Empty airplanes criss-cross the West, with federal taxpayers largely subsidizing the flights under the Essential Air Program now targeted for cuts by Republicans in the latest Federal Aviation Administration bill.
The Associated Press reported Friday that in 2010, the government subsidized $4,107 for each one-way ticket on Great Lakes Airlines flights from Ely, Nev. The actual passengers paid between $70 and $90.
The $200 million Essential Air Program provides subsides to 153 airports, but House Republicans argued during debate over the latest FAA extension bill — passed only after the agency was shut down earlier this month — that 13 should be eliminated because most were within close driving distance of another airport with unsubsidized commercial jet service. The extension passed, though Transportation Secretary Ray LaHood has the authority to reinstate the funding, the AP said.
Senate Democrats from states targeted to lose funding, like Jay Rockefeller (D-W.Va.), protested the cuts, arguing that Republicans sought to eliminate all federal help for rural air traffic.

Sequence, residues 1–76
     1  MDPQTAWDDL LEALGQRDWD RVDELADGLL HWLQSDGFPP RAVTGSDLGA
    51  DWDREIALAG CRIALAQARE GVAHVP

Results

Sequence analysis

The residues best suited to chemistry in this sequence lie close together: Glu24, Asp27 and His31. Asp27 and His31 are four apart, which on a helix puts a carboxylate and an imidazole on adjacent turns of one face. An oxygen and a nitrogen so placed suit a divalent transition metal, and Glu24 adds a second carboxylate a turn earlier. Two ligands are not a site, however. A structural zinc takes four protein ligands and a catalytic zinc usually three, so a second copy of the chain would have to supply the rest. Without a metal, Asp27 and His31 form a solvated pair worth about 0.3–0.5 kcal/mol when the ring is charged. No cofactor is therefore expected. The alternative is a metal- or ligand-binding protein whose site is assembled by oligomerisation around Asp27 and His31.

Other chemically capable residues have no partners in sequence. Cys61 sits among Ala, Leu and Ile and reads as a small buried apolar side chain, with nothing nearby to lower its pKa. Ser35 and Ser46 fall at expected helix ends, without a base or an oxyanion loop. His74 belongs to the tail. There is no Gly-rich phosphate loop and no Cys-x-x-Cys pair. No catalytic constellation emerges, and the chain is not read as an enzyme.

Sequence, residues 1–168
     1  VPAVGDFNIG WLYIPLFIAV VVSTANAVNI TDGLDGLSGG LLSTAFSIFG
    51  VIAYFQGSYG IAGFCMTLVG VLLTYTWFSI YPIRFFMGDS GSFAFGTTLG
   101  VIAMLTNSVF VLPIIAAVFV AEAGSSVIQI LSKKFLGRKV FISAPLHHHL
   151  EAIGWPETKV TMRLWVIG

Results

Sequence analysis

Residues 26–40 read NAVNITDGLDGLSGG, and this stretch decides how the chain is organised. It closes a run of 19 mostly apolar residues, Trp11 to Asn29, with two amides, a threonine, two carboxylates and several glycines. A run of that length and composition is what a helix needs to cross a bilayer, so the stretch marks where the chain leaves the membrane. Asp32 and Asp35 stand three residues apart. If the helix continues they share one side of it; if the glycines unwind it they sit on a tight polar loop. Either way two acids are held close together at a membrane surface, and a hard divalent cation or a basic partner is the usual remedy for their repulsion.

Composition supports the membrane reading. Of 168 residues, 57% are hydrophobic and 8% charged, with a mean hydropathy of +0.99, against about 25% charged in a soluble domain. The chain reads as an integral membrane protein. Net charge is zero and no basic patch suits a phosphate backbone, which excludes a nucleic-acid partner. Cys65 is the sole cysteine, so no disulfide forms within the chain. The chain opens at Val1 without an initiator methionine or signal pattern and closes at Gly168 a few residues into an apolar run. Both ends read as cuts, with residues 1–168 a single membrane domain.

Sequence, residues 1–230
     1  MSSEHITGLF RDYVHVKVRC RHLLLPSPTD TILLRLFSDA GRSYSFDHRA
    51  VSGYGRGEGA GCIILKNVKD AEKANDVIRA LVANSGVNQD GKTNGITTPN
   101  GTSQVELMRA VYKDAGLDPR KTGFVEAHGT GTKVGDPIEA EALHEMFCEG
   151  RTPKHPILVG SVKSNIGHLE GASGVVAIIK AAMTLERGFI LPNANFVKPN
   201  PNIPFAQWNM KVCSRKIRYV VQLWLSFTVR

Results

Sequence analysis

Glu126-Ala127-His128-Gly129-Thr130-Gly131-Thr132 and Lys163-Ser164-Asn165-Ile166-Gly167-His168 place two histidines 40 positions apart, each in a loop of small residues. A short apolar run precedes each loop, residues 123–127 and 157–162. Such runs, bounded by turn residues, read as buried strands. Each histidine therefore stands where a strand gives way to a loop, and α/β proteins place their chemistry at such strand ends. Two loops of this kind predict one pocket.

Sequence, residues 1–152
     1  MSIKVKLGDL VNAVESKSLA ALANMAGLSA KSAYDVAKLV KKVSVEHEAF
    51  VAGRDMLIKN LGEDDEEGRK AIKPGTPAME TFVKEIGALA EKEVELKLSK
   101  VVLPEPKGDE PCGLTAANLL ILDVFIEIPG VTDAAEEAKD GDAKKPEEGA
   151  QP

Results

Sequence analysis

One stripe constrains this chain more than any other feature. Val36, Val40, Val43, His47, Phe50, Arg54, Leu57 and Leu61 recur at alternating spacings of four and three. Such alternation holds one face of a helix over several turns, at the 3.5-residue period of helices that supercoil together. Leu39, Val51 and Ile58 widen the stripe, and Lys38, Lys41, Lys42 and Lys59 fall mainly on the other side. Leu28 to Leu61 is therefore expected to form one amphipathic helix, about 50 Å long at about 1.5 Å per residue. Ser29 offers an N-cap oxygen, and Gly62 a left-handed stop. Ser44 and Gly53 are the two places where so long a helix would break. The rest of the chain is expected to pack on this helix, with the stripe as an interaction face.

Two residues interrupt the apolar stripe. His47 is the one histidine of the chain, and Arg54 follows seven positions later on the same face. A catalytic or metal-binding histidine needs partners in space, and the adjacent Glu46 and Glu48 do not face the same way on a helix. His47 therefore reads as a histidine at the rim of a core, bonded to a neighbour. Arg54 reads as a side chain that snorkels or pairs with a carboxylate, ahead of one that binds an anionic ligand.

“I have been willing to consider options to reform and strengthen the program for much of the past decade,” Rockefeller said on the Senate floor. “I want a good EAS program for the country and rural America. I want communities that are bought in to making their air service a success.”
About one-third the federal program budget, $67.8 million, now goes to Wyoming-based Great Lakes Airlines, the AP reported. The federal government subsidizes more than $1,000 per ticket on its flights from Glendive, Mont., and Alamagordo, N.M.
Ely, more than 240 miles from the closest major airport in Salt Lake City, is the most remote commercial airport in the continental U.S., its airport manager told the AP. “We have no bus service here of any kind, no Greyhound or similar company,” Mike Coster said. “It’s a small town.”
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